Following the absorption of Virginia Tech and Miami into the ACC, questions arose about how an 11-team league could fairly select participants in the conference championship game. A divisional structure involving two six-team divisions competing for two championship-game slots would not be possible. In addition, the ACC could not continue to select its champion via round-robin play since there were now 11 teams and only seven or eight conference games available per team. Even the NCAA's addition of a 12th game to the regular season did little to relieve the conference's problem. Prior to the 2004 college football season, the ACC requested a waiver to the NCAA's rule requiring conferences to have 12-plus teams before having a conference championship game. Before the season began, however, the NCAA rejected the ACC's application, and the league had to use a semi-round-robin format to select a champion during the 2004 football season. After that season, the inclusion of Boston College as the ACC's 12th team solved the problem of enabling the ACC to have a championship football game.
On October 18, 2004, the ACC announced its new football structure with two divisions. Each six-team division plays a round-robin schedule within the division and a rotation of three conference games against teams from the opposing division. The two teams with the best conference records in each division earn places to the championship game. In the event of a tie in records within one division, divisional records and the results of head-to-head games are considered.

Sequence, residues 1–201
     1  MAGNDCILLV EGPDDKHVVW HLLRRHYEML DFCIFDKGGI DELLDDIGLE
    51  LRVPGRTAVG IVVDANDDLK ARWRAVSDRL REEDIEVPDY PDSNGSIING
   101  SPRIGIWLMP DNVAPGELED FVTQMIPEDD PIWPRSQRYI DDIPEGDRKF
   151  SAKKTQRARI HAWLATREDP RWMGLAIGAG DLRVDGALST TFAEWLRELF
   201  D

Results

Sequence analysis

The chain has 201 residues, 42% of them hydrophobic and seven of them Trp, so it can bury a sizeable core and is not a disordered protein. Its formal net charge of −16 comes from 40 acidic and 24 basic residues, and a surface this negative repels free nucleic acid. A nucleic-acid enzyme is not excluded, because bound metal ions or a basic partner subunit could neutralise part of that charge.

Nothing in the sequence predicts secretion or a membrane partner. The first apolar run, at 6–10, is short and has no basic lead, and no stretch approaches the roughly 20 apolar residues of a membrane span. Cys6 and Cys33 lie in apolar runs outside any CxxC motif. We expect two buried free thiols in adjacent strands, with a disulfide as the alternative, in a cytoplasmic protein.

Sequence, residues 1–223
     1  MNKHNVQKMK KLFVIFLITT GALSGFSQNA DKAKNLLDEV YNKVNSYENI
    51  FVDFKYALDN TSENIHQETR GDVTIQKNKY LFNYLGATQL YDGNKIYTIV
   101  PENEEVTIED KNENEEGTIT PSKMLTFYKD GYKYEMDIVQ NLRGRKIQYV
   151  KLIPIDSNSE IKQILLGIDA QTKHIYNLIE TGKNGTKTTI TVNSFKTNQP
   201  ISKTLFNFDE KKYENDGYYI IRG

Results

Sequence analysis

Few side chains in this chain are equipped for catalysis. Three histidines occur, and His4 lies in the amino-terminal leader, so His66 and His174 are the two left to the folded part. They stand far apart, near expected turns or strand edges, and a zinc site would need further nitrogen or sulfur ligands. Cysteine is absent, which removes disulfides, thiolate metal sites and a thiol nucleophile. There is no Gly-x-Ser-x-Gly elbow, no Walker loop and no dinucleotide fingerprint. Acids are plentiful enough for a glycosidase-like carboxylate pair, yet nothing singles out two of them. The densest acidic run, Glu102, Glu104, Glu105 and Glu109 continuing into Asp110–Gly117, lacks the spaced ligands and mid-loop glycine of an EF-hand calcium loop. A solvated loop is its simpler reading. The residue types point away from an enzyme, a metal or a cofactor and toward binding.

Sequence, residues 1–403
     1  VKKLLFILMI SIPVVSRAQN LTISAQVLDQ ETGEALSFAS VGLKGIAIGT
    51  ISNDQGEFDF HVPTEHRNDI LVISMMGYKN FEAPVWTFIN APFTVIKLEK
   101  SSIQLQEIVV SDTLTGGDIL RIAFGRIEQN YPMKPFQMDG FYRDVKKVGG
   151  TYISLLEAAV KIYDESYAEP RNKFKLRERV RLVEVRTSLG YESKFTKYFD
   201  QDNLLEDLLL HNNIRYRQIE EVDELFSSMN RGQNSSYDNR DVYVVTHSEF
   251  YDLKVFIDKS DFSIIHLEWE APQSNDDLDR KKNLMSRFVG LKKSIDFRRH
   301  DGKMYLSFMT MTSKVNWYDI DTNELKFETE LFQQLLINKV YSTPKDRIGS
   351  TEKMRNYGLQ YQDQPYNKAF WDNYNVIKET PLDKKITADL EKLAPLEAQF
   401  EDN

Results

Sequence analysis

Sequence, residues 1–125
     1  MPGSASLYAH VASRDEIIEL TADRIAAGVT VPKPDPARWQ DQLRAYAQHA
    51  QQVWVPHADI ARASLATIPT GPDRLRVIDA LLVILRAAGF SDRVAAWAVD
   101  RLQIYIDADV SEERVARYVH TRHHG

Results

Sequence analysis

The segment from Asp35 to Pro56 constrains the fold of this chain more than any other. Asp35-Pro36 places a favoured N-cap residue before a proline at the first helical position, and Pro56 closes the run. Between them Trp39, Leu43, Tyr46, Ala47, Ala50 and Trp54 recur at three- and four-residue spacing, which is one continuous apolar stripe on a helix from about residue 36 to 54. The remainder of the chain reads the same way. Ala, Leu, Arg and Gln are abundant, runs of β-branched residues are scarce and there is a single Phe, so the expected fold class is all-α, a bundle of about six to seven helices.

Also, in the games between the two divisions, each team has a permanent rival team that is played every year. Hence, every year, there are these football games: Georgia Tech vs. Clemson; North Carolina vs. North Carolina State; Louisville vs. Virginia; Syracuse vs. Pittsburgh; Duke vs. Wake Forest; Florida State vs. Miami; and Boston College vs. Virginia Tech.
On July 28, 2022, the ACC announced a revised football structure, eliminating divisions entirely, coming off the heels of the NCAA Division I Council's announcement that conferences no longer need to maintain divisions to hold a championship. Instead of a divisional structure where teams play a round-robin schedule within their division, it will instead move to a 3-5-5 format. Each team will have three designated permanent matchups, who they will face every year (mostly reserved for rivalry games such as North Carolina vs. North Carolina State, Virginia vs. Virginia Tech, and Florida State vs. Miami), along with two different 5-team rotations that swap every year, such that every team will have at least one home game and one away game against every other team in a four-year cycle. Under this format, the two ACC teams with the highest conference winning percentage will be eligible to play in the championship.
Notre Dame joined the conference as a non-football member in 2014 and, while playing five ACC teams each season, is not eligible for the championship game. However, for the 2020 season, Notre Dame joined the ACC for conference play and the ACC used a division-less format for the game, with the game contested by the two teams with the best conference records.